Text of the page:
The Moredun Research Institute has made a strong pitch to become the home of Scotland’s new central veterinary surveillance laboratory. Speaking to the agricultural press ahead of the release of the institute’s annual report, chief executive Julie Fitzpatrick took the chance to point out the benefits of using facilities which already exist at the Moredun site. Professor Fitzpatrick has been widely admired over the years for her tenacity and determination to keep the Moredun as a pre-eminent force in the science of animal health. Her point has always been that although the institute may be small in global terms, it has the ability to deliver top-class services. The need for a centralised veterinary surveillance laboratory was identified in the Kinnaird Report of 2011. Compiled under the chairmanship of former NFU Scotland president John Kinnaird and presented to Rural Affairs Secretary Richard Lochead, the report made a number of fundamental recommendations aimed at improving veterinary surveillance, one of the most critical being the need for a central laboratory to eventually replace the eight currently in operation around the country. Prof Fitzpatrick, who clearly has the backing of Moredun Foundation chairman Ian Duncan Millar, made a strong case for the new laboratory to be sited at Moredun. A large, secure laboratory space previously used for BSE testing is available, and infrastructure modifications would be minimal compared to building a new laboratory on a greenfield site. Moredun also has scientific staff available with the skills required for diagnostic work. The Animal Health and Veterinary Laboratory Agency (AHLVA) already uses the diagnostic facilities at Moredun. “We suggest that Scottish Rural College (SRUC) staff should also use this existing facility for centralised diagnostics so that staff may share resources to the benefit of both the tax payer and the livestock-owning communities,” said Prof Fitzpatrick. “This initiative would bring significant cost savings as there would be no requirement for funding of new specialised infrastructure that would replicate existing facilities. “The number of administrative, support and laboratory staff could be optimised over time for all three surveillance organisations SRUC, AHVLA and MRI with a reduction in recurrent costs,” she said. “Another benefit would be that specialised veterinary and animal science staff involved in diagnostics would be located on a single site, which will produce savings in the longer term. “Reporting could be undertaken by a team approach by the three surveillance organisations to ensure rapid and cost-effective communications with animal keepers, veterinary practitioners, Government and national and international bodies. “Succession planning and training of specialised staff would therefore be easier, and the sustainability of surveillance underpinned. “Specialised laboratory facilities are available at the Moredun Research Institute in the same building, including those for pathology, detection of parasites, viruses, bacteria, prions, affecting livestock, avian, and equine species.” It is no doubt a strong case but there is sure to be competition, and some of it from just a stone’s throw away from the Moredun’s home at the Pentland Science Centre at Bush south of Edinburgh. The Kinnaird Report certainly mentioned Moredun as the home for the new laboratory, but it also suggested the Edinburgh (Royal Dick) Veterinary School which is also at Bush. The Roslin Institute is only a mile away, as is Edinburgh University bioscience centre. Glasgow Vet School may also be interested, and of course SRUC and its SAC Veterinary Consulting division already have an interest as operators of the present regional veterinary laboratories. The Kinnaird Report suggested that these laboratories, including one at Perth, should not be closed immediately and that they should continue to offer post-mortem facilities, with samples then being sent to the central laboratory for diagnosis. The two-year time lag since the presentation of the Kinnaird Report may have suggested to the casual onlooker that it had been shelved, but it appears that is not the case. Mr Lochhead has decisions to make quite soon. The MRI team clearly want to be part of the solution when it comes to improved veterinary surveillance.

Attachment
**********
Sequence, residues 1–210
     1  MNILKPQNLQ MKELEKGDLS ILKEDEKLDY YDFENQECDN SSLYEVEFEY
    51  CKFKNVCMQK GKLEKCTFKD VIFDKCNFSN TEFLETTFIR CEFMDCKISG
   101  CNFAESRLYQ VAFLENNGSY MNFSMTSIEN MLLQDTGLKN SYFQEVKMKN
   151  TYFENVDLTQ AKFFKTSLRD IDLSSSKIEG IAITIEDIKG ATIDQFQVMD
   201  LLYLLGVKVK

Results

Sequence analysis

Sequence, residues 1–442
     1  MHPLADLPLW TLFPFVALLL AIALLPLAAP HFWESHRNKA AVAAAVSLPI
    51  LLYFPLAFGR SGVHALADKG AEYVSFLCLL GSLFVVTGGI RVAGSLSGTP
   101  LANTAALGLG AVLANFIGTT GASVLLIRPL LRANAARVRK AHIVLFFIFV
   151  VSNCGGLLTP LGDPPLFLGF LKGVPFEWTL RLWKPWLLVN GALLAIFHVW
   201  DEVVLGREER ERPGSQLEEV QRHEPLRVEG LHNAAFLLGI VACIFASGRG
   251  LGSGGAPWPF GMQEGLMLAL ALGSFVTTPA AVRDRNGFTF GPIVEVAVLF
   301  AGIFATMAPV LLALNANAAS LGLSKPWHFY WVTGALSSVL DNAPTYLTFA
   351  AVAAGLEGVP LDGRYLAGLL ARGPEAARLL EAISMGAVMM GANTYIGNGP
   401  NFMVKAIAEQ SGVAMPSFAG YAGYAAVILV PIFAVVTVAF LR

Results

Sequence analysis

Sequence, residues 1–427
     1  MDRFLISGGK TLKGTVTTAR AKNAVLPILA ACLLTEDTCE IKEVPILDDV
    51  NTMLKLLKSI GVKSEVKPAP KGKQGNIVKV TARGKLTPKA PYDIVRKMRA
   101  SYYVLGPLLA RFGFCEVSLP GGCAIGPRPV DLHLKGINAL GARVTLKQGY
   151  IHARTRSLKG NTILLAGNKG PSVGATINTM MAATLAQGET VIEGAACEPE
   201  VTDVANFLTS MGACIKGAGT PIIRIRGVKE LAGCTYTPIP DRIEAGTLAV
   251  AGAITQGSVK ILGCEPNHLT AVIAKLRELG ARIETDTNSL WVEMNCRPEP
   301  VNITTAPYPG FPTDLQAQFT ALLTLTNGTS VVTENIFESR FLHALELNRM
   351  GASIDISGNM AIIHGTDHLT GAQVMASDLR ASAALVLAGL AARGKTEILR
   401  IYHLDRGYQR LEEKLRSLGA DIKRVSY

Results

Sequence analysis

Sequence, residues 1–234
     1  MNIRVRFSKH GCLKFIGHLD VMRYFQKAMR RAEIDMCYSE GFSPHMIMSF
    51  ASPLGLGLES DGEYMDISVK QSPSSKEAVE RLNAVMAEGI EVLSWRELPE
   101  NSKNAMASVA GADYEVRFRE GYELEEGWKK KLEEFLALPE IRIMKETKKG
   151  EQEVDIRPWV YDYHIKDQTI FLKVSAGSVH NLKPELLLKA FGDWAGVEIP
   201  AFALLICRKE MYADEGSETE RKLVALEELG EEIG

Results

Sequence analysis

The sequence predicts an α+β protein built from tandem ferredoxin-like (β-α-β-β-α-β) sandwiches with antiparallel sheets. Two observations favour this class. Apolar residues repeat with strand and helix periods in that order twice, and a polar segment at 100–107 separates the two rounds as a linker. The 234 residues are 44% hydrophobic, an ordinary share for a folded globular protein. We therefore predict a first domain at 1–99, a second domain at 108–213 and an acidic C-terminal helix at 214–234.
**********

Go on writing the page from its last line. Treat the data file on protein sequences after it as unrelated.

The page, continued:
Standing out from the crowd on Tinder can be tough, but with the help of Microsoft PowerPoint a British student has managed just that – and gone viral in the process.Sam Dixey, a 21-year-old studying at Leeds University, made a six-part slideshow entitled “Why you should swipe right” – using pictures and bullet points to shrewdly persuade potential dates to match with him on the dating app. The slideshow includes discussion of his social life and likes, such as “petting doggos” and “laser tag”, and “other notable qualities and skills” – such as being “not the worst at sex” and “generous when drunk”.It even has reviews mocked up from sources such as “Donald Trump”, “Leonardo Di Capri Sun” and “The Times Guide to Pancakes 2011”.Sam told the Press Association the six-slide presentation only took about 20 minutes to make and “started off as a joke”.However, since being posted to Twitter by fellow Tinder user Gracie Barrow, Sam’s slideshow has been shared tens of thousands of times across social media.So, it’s got the seal of approval form Gracie, but how has the slideshow fared on Tinder? “I’d have to say it has been pretty successful,” Sam said. “Definitely a clear correlation of matches and dates beforehand to afterwards.“Most of the responses tend to revolve around people saying ‘I couldn’t help swipe right 10/10’ but I’ve had some people go the extra mile and message me on Facebook.“Plus some people have recognised me outside, in the library and on dates.”A resounding success.